Anthony was a key part of that work, as a leader with the United Neighbors of the 35th Ward. So when he decided to get in the race, he knew he was running in an area with an activated base of progressive voters and organizers. And the elected officials who’d built 10 years of capital with those voters would be key validators. Remember that most voters don’t know what a Cook County Commissioner is. But if their trusted alderman or state legislator said they were with Anthony, that could go a long way.
A coordinated campaign
In the redistricting following the 2020 Census, Illinois created a new, vacant, majority-Latino Congressional district that ran from Chicago’s Northwest Side deep into the suburbs.
One of our progressive state legislators, Delia Ramirez, decided to run for the seat. She took on a self-styled “moderate,” Alderman Gil Villegas, in what was shaping up to be a typical primary battle between the party’s left and right wings.
Delia wasn’t doing it alone, though—she had the coalition we’d spent so many years building and cultivating. The progressive electeds in the area carved up her district, each of us working a chunk of turf with our volunteer operations. And we worked for our candidates up and down the ticket, including Anthony.
We told the same story at the doors: we need progressive leaders at every level of government, from Washington to Springfield to Cook County, coordinating together to fight for our communities. We identified supporters for our candidates at every level. We shared data and field plans. Our campaign staffers had coordinating calls every two weeks to adjust strategy and retool priorities. Together, we were able to field an army of volunteers across a wide swath of the Northwest Side.
A special candidate
But I don’t want the story of this amazing coalition to take away from the work of Anthony himself.
Anthony was relentless at the doors, knocking in freezing Chicago winters and blistering summer heat. And he’s no Johnny-come-lately. As I mentioned, he’s a lifelong resident of the community, and he’s been doing political organizing around these parts since he was a teenager. Working in constituent services with Ald. Rosa’s office, he helped thousands of residents over the years navigate Chicago’s byzantine local government. Lots of people in our community knew him, and trusted him.
He’s also one of the most passionate and clear-eyed people I’ve ever met. When we’d knock doors together, I’d watch him connect with voters, learn about what mattered to them, and then draw a straight line from that issue to the values he was fighting for.
I went out with him right after the horrific Dobbs decision, and lots of voters we talked to were concerned about abortion rights. Anthony explained how the Cook County Health and Hospital System could build more clinics, provide a bigger physical footprint to accommodate the influx of people seeking abortions from neighboring states. And then he explained why he’d been fighting for single-payer healthcare his whole life—so that everyone would be guaranteed the healthcare they need and deserve. It was a powerful argument in an emotional moment, and he won vote after vote after vote.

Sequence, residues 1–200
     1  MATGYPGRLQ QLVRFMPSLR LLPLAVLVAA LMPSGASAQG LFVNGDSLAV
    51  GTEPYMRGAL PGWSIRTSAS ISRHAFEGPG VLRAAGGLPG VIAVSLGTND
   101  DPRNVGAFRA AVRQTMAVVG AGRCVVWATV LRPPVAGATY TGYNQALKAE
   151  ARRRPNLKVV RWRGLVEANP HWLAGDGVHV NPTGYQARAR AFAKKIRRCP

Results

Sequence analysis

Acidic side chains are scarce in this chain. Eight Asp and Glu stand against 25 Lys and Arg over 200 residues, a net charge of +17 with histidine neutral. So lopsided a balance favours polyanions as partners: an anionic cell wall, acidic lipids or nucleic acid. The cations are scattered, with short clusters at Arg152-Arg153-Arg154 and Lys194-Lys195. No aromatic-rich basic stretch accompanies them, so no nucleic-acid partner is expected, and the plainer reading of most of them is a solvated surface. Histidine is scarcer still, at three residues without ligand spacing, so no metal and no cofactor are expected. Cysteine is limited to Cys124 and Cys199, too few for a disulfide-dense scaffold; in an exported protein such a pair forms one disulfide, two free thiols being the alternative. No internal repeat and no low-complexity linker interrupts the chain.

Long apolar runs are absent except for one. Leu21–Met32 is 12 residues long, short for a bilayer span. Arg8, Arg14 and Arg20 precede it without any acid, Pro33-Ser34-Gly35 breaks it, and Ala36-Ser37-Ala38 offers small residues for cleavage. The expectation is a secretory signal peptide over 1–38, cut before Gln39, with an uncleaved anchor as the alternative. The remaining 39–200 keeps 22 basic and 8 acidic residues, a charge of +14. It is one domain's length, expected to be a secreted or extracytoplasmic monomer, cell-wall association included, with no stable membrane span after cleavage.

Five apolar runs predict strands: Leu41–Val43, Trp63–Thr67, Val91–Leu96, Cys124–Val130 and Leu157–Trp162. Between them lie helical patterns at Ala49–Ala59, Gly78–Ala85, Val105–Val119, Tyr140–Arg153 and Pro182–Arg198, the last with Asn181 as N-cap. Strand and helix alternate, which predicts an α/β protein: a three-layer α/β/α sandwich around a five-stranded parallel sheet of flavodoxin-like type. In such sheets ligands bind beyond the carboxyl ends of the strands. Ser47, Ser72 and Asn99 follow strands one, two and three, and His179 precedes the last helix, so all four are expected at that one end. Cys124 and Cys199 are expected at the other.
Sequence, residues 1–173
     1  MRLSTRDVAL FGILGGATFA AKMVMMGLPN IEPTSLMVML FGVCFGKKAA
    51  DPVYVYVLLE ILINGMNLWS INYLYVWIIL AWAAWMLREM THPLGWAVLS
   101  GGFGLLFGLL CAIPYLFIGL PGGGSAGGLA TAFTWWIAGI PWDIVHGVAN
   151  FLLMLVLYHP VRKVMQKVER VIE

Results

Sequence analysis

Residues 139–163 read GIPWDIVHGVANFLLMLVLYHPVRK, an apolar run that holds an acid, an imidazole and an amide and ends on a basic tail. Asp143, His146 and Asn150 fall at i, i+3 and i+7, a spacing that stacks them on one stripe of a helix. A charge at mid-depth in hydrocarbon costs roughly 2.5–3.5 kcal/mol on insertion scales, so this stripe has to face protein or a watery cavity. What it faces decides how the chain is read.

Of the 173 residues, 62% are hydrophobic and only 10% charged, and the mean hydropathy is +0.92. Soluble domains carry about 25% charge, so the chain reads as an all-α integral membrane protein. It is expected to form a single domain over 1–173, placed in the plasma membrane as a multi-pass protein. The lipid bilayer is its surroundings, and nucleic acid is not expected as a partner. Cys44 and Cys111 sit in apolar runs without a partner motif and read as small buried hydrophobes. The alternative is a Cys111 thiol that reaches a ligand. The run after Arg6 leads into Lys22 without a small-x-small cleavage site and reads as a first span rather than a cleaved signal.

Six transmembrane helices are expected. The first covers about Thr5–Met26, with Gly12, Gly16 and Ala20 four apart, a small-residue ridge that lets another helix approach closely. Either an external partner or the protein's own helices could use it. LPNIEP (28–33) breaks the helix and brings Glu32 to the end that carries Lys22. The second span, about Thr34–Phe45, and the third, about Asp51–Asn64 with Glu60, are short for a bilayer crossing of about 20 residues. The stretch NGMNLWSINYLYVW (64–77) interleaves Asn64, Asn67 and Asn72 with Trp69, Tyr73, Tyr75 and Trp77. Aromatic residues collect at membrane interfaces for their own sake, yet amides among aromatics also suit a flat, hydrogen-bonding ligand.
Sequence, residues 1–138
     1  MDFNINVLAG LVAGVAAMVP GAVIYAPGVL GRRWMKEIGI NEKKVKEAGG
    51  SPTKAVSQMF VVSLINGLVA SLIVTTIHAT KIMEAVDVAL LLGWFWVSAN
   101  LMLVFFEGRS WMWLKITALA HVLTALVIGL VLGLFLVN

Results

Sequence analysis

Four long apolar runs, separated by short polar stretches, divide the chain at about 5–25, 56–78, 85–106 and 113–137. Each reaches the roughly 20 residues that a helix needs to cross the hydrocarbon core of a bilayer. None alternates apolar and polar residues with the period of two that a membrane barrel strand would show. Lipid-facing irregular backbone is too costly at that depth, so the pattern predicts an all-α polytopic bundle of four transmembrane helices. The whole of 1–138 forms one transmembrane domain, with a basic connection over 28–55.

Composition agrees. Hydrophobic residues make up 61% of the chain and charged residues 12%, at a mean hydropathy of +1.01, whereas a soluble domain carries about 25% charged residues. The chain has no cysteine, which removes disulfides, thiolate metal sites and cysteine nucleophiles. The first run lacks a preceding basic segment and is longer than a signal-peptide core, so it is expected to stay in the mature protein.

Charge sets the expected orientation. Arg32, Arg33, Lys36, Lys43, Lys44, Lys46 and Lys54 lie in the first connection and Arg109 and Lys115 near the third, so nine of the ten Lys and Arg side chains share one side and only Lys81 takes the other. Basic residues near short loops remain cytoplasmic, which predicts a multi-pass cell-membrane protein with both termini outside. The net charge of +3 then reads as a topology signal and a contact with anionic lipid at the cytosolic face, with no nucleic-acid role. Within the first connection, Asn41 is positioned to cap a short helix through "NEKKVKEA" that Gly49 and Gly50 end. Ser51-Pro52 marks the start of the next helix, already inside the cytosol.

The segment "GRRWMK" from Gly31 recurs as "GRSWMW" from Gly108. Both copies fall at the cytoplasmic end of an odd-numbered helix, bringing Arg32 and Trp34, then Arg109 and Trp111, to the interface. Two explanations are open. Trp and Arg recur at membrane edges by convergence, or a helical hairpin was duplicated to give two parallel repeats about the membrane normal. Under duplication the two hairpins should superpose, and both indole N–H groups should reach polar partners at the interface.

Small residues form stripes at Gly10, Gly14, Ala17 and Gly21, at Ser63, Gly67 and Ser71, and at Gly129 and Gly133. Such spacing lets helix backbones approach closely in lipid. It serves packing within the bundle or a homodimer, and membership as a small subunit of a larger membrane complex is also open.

Big Wins, and Big Lessons
We coordinated our Election Night celebrations the way we’d coordinated everything else in the campaign. Delia, Anthony, our state legislative incumbents and challengers all got together to watch the results come in.
Delia won in a landslide. But in some ways, Anthony’s victory was more surprising. Against all the odds he was facing, buried down-ballot in a huge district, he trounced the incumbent and the three other challengers.
He did well everywhere, since he knocked everywhere—as you can see, he only polled in the single digits in a few scattered areas. But it was our base, that core area where we’d been building for so many years, that really delivered for him. He’s winning those precincts with 40, 50, even 60 percent of the vote—a dominant performance in a five-way race.
So what can we take away from this, beyond a nice outcome for a good guy in some obscure county post in Illinois?
Well: elections matter. But how much they matter is up to us. At their worst, elections are sinkholes of money and energy in the service of elevating a single person to some higher office. But at their best, elections can help build movements. They can inspire voters to believe that real change is possible, yes, but they can also cultivate the relationships, the organizing capacity, the repetition of a shared message that can be truly durable from cycle to cycle. When you have candidates who are committed to that kind of power-building, and when those candidates work hand in hand year after year, the energy that goes into an election sustains and builds.
And eventually, you can win elections where conventional wisdom would say you don’t have a chance.